Fixed vs variable mortgages study

Choices always give god reasons for comparison; one can know what is better as an option. These choices become even more critical when it is about a big financial decision. Mortgages are available with different deals on interest rates.

Fixed-rate mortgages and variable rate mortgages are the two most common types. Both have different features and benefits and also downsides. However, to make final choice borrowers seek unbiased information to avoid a regretful decision on their mortgage choice.

Here is how both the mortgage types with fixed and variable rate work –

The introduction  

Standard Variable Rate Mortgage – This mortgage type is volatile on the part of interest rates, and the lender decides the rate quote. It can be changed whenever it wants; however, the SVR is influenced by the base rate of the Bank of England. But the lender decides how much more will add in it while offering the funds. According to the change in the interest rate, the number of monthly instalments keeps changing.

Fixed-rate mortgage – As the name suggests, the fixed-rate mortgages remain the same in their rate of interest. Throughout the term, the rate of interest remains the same, and as a result of the monthly instalments to remain the same. It is always lower than the standard variable rate. Those who do not want to face the uncertainties of the interest rates should try for a fixed-rate mortgage.

SVR Mortgage, Fixed Mortgage – Difference Between The Two

Of course, both are related to the same product that is a mortgage, but both serve different purposes. On many aspects, the SVR mortgage is different from the fixed-rate mortgage.

Standard variable rate mortgage Fixed mortgage
The rate of interest keeps changing The rate of interest remains the same
The rates are high The rates are low
Monthly instalments are big Monthly instalments are decided
The lender can change at any point in time The lender cannot change during the tenure

The pros and cons

Everything has its positive and negative sides. Have a look at the pros and cons of the SVR and fixed cost mortgages. You can develop a better understanding when you know all the related aspects of a subject.

Standard Variable rate – Pros and Cons

Pros Cons
If the interest rates go down, you can enjoy smaller instalments. Lender controls the rate policy, and thus you are driven according to the wish of the lender.
They are easy to qualify These mortgages are unpredictable
The Arrangement fee is lower Missed repayments add interest at a faster rate

Few Facts About The Variable Rate

  • Not always, conditions are out to control because some lenders put a limit on the rise of the rate. They decide that up to which level they will increase the interest rates as compared to the base rate.
  • People with volatile monthly income, such as self-employed applicants may face difficulty in getting approved for a standard variable rate.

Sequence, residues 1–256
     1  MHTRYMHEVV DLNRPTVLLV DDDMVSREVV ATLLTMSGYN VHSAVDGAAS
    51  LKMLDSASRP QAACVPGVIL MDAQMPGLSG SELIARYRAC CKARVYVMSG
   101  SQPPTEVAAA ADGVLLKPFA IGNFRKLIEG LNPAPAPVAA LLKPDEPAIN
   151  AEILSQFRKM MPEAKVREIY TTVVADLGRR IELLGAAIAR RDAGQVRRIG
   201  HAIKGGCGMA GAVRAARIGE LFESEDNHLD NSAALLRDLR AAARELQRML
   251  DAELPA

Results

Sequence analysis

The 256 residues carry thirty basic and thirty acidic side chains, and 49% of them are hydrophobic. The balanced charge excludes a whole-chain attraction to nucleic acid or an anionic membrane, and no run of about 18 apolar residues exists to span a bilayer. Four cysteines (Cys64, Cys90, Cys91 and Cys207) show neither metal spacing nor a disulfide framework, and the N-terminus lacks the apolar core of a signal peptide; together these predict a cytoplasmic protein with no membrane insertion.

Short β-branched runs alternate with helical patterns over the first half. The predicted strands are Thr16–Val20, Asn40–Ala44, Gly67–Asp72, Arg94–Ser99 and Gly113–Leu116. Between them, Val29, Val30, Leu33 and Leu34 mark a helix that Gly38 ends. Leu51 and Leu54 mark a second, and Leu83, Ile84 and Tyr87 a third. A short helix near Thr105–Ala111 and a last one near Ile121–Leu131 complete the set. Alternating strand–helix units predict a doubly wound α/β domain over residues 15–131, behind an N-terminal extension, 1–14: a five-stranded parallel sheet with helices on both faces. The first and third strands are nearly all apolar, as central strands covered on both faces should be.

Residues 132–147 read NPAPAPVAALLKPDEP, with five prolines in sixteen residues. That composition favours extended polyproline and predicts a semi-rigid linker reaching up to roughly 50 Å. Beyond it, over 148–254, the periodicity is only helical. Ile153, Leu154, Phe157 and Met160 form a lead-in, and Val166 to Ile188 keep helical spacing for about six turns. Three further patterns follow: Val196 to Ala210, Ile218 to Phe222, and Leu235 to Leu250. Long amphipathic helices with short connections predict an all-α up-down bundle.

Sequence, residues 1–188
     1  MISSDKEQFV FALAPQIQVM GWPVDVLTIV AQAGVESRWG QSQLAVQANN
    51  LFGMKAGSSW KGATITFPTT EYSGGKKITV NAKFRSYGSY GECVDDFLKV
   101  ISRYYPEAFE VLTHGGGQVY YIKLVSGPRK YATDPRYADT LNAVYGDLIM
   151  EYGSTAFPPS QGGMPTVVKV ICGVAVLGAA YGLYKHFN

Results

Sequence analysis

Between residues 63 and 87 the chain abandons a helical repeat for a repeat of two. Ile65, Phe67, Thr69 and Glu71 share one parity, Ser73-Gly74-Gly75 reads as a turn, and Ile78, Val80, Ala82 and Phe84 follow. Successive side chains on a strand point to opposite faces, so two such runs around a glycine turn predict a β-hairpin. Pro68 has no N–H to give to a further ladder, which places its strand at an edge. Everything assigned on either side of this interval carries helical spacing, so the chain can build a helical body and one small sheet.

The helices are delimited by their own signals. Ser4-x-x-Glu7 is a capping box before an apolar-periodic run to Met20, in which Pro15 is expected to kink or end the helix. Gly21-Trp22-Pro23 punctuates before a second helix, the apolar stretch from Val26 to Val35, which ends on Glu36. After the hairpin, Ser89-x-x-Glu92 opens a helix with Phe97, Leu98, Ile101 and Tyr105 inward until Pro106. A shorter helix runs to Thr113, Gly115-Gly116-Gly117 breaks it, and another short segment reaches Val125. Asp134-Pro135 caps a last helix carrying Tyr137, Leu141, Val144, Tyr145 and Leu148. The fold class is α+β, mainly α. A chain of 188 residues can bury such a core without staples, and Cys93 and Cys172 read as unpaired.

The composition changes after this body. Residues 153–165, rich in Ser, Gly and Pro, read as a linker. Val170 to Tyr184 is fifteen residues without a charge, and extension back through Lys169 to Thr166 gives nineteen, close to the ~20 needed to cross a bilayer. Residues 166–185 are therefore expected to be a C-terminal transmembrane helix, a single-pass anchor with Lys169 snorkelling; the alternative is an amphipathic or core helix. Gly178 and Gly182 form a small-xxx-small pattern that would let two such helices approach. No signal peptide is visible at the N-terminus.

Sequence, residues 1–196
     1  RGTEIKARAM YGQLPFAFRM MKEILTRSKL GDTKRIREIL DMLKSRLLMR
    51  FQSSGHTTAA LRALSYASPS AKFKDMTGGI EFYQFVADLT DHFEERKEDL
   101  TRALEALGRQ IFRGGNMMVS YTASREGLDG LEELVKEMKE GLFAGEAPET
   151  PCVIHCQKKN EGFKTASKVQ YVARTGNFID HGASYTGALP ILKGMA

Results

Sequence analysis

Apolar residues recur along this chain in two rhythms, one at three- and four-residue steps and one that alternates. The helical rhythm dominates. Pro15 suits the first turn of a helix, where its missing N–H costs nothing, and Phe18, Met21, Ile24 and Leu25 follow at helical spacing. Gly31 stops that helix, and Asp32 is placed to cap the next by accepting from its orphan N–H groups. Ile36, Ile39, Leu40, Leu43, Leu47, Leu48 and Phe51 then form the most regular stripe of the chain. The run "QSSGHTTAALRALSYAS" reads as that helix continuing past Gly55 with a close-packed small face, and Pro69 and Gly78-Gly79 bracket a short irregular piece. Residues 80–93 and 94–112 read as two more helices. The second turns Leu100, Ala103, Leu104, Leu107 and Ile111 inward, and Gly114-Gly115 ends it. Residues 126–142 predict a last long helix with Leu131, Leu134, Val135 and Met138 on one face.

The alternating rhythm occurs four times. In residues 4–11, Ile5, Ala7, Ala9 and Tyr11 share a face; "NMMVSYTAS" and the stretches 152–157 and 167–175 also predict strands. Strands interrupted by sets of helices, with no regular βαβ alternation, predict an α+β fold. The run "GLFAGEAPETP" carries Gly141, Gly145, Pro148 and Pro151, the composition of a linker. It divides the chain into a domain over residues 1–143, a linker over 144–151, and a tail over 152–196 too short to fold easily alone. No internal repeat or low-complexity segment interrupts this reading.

• SVR usually have no early repayment charge to let the borrower pay off early and get rid of the anxiety of rate change.

Fixed-rate – Pros and Cons

Pros Cons
The rate of interest is fixed and low which ensures a lower total cost You cannot explore the benefit of a smaller instalment if rates go low.
The instalments are fixed and pocket-friendly It is always challenging to qualify for fixed-rate mortgages.
The lender cannot change the rate during the tenure The arrangement fee is higher as compared to SVR

The above mention of the pros and cons of both the mortgage types are helpful and can work as the eye-opener. The unbiased information of both versions helps explain things in a better manner.

Facts About a Fixed-Rate Mortgage

  • To qualify for a fixed-rate mortgage, the applicant needs to have a good credit score. In the case of poor credit, the borrower needs to apply through fixed bad credit mortgages. Besides, either there should be a big deposit, or in case of lower-income, the additional collateral or a guarantor becomes the saviour.        
  • A fixed-rate mortgage is among the cheapest versions and a bit difficult to attain, but once you get the deal becomes predictable. 
  • In a fixed-rate mortgage, the rate of interest remains the same only for a specific time that is 2 years or 5 years. Maximum is 5 years, but you need to prove affordability for the particular number of years you want to qualify for.                                                

Conclusion

Perhaps now you can make a better decision on what will go best for you, a fixed rate or variable rate. However, it is not about the rate of interest. Your personal conditions are also decisive. You may yearn to get a fixed rate but will get a variable rate as you may fail to qualify for the first one. For a borrower with stable finances, not the rate of interest is impossible. Lenders chase such applicants.